Academic journal article College Student Journal

Follow-Up of Advanced Placement Students in College

Academic journal article College Student Journal

Follow-Up of Advanced Placement Students in College

Article excerpt

For over five decades, Advanced Placement (AP) courses have provided demanding college-level coursework in high school. Few studies have followed AP students in college by comparing their successes to the successes of other high achieving students. The present study examined college grade point averages (GPA) of high achieving college students in natural science and English courses. The results supported the hypothesis that AP students would rate the benefit of their high school AP courses higher than the benefit of their general education courses. However, findings contradicted expectations that AP students would earn significantly higher college grades when their grades were compared to those of other high achieving students. Likewise AP students did not rate the benefit of their high school courses higher than did their high achieving peers who did not take AP courses.

**********

High achieving high school students can foster their skills by enrolling in Advanced Placement (AP) courses that challenge them with demanding coursework (Bernholc, Baenen, & Howell, 2000). Throughout the United States many high school students are currently enrolled in AP courses, and some are receiving college credits (Bernholc et al., 2000; Riley et al., 2000; Santoli, 2002). Supporters believe that AP courses permit high achieving students to reach their highest potential because AP courses give students the opportunity to study subjects they are interested in at a challenging level with other high achieving students (Bernholc et al., 2000) and with experienced teachers with advanced degrees (Thomas, 1991).

According to DiYanni (2002), the AP program began as a pilot project in 1951 at Kenyon College. The first AP examinations were developed soon after in the 1953-54 academic year. The College Board officially took over the AP program and offered their first AP examinations in May 1956. The AP program quickly grew, and by 1960, the College Board offered five times the original number of examinations. In 1960, approximately 10,000 examinations were given, and by 2002, approximately 1.5 million AP examinations were taken by students (DiYanni, 2002). A Newsweek article reports that 1,173,000 students were scheduled to take 2,050,000 AP exams in May of 2005 (Mathews, 2005).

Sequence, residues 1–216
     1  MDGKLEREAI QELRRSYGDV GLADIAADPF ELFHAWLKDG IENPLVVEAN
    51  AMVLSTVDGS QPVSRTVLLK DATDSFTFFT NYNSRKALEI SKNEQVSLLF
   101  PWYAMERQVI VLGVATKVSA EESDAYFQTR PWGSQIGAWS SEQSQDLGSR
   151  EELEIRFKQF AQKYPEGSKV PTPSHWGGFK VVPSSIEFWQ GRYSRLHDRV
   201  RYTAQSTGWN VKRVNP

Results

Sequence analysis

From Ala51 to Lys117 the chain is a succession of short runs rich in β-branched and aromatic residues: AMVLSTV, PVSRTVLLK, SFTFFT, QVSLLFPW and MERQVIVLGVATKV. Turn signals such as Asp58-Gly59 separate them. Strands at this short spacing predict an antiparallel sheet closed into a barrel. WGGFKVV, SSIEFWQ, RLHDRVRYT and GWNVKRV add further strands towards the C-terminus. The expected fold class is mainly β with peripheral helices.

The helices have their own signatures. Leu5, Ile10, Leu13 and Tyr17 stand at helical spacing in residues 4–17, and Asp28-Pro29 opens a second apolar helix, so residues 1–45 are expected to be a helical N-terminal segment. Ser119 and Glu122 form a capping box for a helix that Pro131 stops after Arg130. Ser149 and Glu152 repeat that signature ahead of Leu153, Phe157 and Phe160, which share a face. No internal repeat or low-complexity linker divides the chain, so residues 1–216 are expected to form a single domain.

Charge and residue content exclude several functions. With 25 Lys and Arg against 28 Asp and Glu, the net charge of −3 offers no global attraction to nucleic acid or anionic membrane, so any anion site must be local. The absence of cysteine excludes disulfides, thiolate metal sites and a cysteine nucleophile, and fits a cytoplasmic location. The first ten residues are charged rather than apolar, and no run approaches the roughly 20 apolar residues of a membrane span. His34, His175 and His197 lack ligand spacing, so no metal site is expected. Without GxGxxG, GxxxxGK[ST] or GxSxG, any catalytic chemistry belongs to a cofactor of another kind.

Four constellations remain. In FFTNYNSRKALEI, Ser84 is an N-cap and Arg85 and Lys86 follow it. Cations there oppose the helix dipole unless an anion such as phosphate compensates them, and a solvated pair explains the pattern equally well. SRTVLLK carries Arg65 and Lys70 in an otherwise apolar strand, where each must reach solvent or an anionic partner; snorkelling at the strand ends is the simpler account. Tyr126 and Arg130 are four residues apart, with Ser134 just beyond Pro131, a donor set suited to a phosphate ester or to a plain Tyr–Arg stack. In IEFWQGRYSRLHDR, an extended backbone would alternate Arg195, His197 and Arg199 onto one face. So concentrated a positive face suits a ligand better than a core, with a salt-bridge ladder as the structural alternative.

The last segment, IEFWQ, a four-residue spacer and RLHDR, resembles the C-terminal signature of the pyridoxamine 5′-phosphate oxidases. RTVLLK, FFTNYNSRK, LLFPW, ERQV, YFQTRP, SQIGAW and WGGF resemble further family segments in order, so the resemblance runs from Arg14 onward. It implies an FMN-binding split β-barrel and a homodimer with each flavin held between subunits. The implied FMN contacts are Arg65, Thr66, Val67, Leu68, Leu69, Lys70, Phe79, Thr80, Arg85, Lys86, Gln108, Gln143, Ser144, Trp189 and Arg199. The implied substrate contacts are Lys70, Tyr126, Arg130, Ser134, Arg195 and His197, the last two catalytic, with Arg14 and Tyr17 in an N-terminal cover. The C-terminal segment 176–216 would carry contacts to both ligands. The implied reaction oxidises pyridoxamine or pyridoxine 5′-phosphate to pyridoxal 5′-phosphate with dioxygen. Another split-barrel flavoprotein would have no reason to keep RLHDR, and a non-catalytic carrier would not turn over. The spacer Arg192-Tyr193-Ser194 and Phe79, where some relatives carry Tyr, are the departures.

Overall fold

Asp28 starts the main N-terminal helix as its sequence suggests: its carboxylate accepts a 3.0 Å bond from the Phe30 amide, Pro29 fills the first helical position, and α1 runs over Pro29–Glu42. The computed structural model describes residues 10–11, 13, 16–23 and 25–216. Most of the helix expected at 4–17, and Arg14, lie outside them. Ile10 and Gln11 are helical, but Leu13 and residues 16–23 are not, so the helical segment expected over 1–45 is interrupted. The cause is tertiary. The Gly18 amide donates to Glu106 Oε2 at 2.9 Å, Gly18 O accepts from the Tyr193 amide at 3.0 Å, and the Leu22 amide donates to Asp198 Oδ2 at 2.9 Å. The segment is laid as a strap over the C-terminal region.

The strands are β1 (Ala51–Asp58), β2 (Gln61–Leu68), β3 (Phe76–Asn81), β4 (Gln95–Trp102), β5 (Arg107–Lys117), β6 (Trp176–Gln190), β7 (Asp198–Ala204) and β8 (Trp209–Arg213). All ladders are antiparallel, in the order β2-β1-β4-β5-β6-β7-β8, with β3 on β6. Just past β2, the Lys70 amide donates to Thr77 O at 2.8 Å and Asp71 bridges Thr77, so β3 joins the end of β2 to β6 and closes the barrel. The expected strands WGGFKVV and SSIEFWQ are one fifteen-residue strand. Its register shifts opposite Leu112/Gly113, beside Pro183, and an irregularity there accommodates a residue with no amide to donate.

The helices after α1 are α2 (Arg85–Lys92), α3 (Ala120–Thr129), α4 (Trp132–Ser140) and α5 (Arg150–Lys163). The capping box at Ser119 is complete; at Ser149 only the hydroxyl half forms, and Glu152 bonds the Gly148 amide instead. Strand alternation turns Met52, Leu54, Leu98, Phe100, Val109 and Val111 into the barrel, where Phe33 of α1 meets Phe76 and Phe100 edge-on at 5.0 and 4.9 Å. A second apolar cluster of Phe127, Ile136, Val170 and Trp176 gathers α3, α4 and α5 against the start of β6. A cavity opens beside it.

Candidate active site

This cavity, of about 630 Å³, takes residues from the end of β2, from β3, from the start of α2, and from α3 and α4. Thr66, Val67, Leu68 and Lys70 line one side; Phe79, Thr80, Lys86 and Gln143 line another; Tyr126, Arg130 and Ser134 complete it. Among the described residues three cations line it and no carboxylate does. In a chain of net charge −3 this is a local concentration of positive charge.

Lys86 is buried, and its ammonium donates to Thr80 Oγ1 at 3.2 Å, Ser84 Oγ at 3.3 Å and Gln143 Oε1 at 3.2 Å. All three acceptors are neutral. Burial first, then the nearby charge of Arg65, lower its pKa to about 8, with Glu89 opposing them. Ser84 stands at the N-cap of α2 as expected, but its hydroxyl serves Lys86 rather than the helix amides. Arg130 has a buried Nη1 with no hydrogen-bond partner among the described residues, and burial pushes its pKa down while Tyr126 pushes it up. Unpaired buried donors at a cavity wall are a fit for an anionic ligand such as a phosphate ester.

Although AP classes are widely available, they are not available at every American high school. Reportedly, over 40% of high schools do not offer any AP courses (Bernholc et al., 2000). A recent report, Dual Credit and Exam-Based Courses in U.S. Public High Schools: 2002-2003, stated that 33% of public high schools do not offer AP courses (Waits, Setzer, Lewis, & Greene, 2005).

Morgan and Ramist (1998) and Camara, Dorans, Morgan, and Myford (2000) report that grade equivalency studies compare college students' grades in introductory courses to students' performance on AP examinations. This comparison allows the College Board to confirm that the grading scale of AP students is congruent with college standards. AP exams are scored on a scale from 1 to 5 points (Bernholc et al., 2000); with a score of 3 typically earning college credit.

Horn and Kojaku (2001) completed a longitudinal study using a survey with 4-year college students who entered into their first academic year in 1995-96. They found that 19% of 4-year college students completed rigorous high school training and took at least one AP course. Horn and Kojaku (2001) reported that many high schools begin AP programs to instill rigorous courses. They also reported that students who completed these more rigorous curriculums in high school were more likely to have stayed at their initial college and stayed on track to a bachelor's degree. Curry, MacDonald, and Morgan (1999) stated that three-fourths of students who earned a score of 3 or higher on their AP examinations in 1997 went on to obtain advanced college degrees. Morgan and Manechshana (2000) reported that AP students were more likely than others to get their degrees within 4 years. …

Search by... Author
Show... All Results Primary Sources Peer-reviewed

Oops!

An unknown error has occurred. Please click the button below to reload the page. If the problem persists, please try again in a little while.